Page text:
And we thought sewers were only good for handling waste products. It turns out that sewers do much more good than just sending your bodily fluids downstream. Sewers are also becoming a barometer to measure the drug use of a community at large.

A chemistry professor from the University of Puget Sound in Tacoma, Washington had heard that students today were becoming fond of taking drugs to help them perform better academically. He decided to find out for himself whether that was true or not, and you’ve got to give the man props because what he did goes well beyond the line of duty. He, along with some other students, decided to test some of the sewage that came from the campus. I don’t even want to know what the process of obtaining the samples entailed, but it was worth it in the end. The results showed that students were definitely consuming large amounts of amphetamines, especially around the time of final exams.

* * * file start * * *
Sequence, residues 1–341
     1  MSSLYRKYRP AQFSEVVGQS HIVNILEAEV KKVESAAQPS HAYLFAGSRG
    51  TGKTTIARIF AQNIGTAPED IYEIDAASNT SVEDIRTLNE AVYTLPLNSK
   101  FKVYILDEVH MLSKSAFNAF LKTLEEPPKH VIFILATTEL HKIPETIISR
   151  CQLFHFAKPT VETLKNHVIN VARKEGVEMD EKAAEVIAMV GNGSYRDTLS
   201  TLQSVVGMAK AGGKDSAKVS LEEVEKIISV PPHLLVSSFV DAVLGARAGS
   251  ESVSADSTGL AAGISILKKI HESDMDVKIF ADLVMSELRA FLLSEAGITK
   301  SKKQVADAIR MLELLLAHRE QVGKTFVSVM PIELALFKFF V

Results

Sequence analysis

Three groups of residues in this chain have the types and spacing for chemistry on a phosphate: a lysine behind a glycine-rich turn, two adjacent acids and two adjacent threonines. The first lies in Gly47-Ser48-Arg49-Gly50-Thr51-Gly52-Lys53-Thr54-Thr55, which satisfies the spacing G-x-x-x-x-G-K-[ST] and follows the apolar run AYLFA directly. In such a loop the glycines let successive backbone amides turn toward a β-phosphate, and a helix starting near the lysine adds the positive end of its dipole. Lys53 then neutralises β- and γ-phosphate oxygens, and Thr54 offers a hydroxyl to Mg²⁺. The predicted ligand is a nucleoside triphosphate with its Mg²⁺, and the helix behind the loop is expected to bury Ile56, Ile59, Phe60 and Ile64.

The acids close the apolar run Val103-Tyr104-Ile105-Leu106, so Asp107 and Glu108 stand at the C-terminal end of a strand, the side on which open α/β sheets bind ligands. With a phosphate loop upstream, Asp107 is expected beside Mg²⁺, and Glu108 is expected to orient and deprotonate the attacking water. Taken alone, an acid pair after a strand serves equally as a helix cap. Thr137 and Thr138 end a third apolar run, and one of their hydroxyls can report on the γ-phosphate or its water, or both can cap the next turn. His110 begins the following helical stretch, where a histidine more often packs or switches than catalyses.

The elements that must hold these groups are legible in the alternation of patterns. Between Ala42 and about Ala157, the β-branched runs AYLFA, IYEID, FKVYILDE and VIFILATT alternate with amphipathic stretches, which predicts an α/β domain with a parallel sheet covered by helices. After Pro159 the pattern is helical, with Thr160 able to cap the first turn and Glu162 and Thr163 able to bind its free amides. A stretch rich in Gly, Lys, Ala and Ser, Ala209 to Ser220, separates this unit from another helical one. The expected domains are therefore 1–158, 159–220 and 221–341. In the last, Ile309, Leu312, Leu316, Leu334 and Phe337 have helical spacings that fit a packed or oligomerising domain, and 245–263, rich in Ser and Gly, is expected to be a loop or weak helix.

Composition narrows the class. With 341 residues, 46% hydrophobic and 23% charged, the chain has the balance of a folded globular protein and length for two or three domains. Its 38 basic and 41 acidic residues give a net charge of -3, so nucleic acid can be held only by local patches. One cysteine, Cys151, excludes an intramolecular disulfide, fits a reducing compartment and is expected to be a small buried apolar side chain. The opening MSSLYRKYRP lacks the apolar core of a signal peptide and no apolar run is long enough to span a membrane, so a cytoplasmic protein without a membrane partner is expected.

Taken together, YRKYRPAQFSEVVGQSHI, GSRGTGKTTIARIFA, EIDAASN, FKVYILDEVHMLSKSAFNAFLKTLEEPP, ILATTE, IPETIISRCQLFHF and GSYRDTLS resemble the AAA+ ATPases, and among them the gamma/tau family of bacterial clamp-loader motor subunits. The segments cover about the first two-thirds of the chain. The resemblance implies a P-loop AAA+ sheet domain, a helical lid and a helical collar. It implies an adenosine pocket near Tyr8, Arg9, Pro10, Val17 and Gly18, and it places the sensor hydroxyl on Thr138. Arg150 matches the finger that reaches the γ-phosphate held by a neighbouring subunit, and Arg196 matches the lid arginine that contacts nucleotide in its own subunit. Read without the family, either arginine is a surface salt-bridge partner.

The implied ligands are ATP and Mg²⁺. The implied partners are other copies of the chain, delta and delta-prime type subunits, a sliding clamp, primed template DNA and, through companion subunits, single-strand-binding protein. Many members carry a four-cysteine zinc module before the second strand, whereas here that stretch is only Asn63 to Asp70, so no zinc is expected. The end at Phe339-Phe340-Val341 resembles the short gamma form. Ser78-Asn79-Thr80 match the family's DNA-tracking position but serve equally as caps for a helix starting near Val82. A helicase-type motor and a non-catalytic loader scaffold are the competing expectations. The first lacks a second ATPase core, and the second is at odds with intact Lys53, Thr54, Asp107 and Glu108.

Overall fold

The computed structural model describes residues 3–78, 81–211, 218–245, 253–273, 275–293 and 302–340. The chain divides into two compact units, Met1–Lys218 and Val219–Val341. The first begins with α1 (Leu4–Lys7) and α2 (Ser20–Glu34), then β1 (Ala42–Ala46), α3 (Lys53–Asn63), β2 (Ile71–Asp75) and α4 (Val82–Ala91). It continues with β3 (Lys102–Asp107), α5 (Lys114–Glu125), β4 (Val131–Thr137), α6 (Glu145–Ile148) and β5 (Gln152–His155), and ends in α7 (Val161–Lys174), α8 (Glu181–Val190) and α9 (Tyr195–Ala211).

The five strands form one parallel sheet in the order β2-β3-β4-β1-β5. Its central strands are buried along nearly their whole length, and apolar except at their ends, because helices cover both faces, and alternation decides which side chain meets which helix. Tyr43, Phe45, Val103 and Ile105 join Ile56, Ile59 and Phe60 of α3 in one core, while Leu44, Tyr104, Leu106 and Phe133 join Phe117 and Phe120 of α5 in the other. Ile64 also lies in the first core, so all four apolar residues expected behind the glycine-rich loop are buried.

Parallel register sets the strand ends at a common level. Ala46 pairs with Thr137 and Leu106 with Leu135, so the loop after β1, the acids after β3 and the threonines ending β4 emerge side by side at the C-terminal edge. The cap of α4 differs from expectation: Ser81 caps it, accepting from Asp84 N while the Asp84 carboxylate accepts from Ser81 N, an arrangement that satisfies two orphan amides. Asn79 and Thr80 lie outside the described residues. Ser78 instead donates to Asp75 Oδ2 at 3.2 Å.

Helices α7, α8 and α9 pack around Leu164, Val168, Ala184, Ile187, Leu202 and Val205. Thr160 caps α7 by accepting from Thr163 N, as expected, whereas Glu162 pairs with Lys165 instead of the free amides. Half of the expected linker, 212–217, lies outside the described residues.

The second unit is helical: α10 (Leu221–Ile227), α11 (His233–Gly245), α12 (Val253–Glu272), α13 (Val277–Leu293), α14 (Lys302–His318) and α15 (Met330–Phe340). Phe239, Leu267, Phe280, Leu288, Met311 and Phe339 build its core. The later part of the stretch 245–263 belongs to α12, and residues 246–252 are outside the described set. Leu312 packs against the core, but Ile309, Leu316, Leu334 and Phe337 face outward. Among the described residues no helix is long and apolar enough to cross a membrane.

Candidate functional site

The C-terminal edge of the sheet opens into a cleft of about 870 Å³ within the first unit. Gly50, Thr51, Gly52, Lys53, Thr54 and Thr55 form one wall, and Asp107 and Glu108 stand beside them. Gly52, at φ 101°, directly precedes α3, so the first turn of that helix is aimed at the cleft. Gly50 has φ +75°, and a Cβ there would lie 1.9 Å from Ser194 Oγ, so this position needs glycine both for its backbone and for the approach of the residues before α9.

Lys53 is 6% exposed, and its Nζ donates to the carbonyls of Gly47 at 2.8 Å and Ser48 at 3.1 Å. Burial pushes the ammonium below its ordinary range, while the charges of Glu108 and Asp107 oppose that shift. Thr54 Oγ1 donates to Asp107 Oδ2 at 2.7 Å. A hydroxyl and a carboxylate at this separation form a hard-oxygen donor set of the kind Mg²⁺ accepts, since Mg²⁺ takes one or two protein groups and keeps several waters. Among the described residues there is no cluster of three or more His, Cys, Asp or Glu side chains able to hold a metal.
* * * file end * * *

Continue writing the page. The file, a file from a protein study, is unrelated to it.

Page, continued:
Sewers Able To Reveal Hidden Drug Use in Communities

Talk About A Dirty Job…

While wastewater tests aren’t all that uncommon around the world, many people fear that police and scientists are overstepping their bounds when it comes to testing sewage without warrants. Indeed, drug use via sewage has been studied all over without the use of warrants and the results are very surprising. And, while most of the testing has taken place in Europe, some samples from America have been taken as well.

This brings up a very important question – when do our bodily fluids cease to be our own? When we flush the toilet? When they travel to the next county? Should police be able to test any sewage sample without some kind of a warrant? As has been pointed out, while these studies do reveal drug use, they don’t exactly reveal who exactly it is who’s using the drugs.

Who had any idea that people were testing the sewage to study drug use?

[Image via matadornetwork]

SOURCE: http://gizmodo.com/meth-in-london-heroin-in-zagreb-the-answer-is-found-i-1508209127